What to Know about Your Baby’s Feet

Once they reach a certain age, keeping your children’s feet healthy is really not that much different from keeping your own in top shape. You want to keep your kids in the proper shoes for the activity they’re engaged in, make sure they wash their feet daily and dry them carefully, and don’t be afraid to report anything strange or painful to us at Foot & Ankle Associates of Cleveland.

But what about the baby years? There are definitely some special things you should know when it comes to those brand new feet.

Caring for newborn feet

Craig B. Frey, DPM and Meghan L. Oltmann, DPM, our two expert podiatrists, offer these tips to ensure the health of your baby’s feet:

  • Get to know the shape of your baby’s foot, including her toes. Any changes, bumps, scaly patches, redness, or swelling need a doctor’s attention.
  • Gently wash them with a mild soap and dry them – don’t forget in between the toes.
  • Skip the shoes. Wearing shoes can actually impede the proper growth of baby’s feet.

Once your baby begins walking

  • There’s a good chance he’ll have bowed legs – but they usually fix themselves by age two.
  • He’ll probably have flat feet. That’s because a baby’s arch is not fully developed until he’s two or three years old.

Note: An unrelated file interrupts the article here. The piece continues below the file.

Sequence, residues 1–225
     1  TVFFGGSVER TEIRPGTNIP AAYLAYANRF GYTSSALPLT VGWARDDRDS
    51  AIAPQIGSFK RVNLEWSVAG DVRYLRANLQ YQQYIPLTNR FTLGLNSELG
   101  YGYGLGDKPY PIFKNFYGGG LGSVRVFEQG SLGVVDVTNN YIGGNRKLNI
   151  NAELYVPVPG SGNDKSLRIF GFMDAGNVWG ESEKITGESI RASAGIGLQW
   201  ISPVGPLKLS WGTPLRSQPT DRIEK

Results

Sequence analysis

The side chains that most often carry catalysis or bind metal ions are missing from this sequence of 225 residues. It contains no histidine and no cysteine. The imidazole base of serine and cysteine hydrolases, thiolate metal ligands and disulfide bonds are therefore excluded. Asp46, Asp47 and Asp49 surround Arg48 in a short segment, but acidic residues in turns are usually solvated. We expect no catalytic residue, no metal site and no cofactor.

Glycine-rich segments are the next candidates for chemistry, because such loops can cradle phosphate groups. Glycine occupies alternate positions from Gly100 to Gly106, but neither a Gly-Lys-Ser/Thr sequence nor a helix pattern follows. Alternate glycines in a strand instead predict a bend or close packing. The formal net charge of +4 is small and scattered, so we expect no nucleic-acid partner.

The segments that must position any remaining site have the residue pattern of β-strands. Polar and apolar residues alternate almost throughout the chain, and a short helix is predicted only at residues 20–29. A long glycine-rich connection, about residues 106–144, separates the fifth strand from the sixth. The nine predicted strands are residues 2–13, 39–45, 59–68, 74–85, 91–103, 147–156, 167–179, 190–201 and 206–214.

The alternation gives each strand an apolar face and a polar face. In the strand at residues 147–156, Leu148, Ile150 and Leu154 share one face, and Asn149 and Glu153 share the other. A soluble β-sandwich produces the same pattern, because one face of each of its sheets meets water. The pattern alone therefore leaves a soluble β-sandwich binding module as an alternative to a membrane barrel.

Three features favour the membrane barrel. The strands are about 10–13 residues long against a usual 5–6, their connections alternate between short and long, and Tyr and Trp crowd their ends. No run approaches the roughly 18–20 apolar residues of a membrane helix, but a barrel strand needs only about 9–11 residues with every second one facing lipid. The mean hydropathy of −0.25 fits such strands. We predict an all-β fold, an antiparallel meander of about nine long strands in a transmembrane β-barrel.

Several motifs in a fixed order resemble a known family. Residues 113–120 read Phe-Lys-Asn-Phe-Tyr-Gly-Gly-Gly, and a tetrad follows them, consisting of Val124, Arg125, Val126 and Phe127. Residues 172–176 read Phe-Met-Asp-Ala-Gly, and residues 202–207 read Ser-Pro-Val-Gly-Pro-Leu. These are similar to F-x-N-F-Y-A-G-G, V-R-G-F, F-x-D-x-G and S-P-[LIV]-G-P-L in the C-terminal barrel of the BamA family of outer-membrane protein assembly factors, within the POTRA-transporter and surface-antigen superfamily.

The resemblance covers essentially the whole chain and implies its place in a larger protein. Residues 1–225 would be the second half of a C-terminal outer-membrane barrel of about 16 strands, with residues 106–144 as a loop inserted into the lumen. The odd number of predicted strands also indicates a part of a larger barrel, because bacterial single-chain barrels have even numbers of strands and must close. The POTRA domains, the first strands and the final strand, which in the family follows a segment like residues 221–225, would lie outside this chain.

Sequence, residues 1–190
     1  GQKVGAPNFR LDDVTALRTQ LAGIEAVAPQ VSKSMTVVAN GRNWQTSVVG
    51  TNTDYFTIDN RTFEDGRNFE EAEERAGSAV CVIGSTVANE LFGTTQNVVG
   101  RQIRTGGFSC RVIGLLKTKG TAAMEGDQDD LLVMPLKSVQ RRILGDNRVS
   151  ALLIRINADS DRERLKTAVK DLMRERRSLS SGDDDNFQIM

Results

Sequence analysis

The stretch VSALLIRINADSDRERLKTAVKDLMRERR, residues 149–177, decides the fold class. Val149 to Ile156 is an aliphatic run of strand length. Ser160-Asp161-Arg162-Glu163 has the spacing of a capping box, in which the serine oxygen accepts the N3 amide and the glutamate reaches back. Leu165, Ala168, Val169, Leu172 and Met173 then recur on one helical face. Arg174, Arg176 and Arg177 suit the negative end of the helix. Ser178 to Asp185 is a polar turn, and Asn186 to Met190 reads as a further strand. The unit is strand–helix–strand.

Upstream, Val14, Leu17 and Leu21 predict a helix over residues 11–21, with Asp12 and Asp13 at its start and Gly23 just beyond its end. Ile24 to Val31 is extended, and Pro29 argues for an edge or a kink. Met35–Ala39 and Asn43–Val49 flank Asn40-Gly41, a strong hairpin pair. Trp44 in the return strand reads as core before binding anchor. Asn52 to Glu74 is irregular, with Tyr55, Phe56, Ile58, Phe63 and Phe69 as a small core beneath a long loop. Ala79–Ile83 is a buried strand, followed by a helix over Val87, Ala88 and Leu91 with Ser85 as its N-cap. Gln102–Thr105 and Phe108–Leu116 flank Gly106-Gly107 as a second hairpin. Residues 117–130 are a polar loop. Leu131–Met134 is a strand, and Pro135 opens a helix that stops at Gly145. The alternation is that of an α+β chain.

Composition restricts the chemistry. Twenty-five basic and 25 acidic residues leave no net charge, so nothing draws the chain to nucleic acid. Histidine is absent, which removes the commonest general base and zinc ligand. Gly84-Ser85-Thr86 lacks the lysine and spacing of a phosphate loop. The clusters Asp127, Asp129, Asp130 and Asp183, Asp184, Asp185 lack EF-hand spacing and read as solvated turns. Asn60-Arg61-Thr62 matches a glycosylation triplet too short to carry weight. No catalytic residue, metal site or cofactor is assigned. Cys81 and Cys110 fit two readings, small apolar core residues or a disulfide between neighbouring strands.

• She might start out by walking on her toes. Toe walking is generally something that kids will grow out of, especially if you make a point to teach them a regular heel-toe motion. Make an appointment with Dr. Oltmann or Dr. Frey if your child walks on her toes beyond age three.
  • Look out for toes that rotate inward. This is called in-toeing and may require correction if it doesn’t go away on its own. Likewise for toes that point outward (out-toeing).
  • Do put shoes on their feet, and don’t be surprised if you have to buy new ones every few months. Keep checking how his shoes fit; it’s important that little feet have the room they need to grow.

A checkup with our podiatrists is a good idea if you develop any concerns at all about how your child is walking. If there is a problem, know that many of them are easily fixed with corrective shoes, orthotic inserts, and other methods when first detected. Taking care of foot problems early on can prevent further problems when your child hits his or her teens (and who needs more challenges during the teen years?!).

Don’t hesitate to visit us at our office in Solon, OH. Call us at (440) 903-1041 or make an appointment online.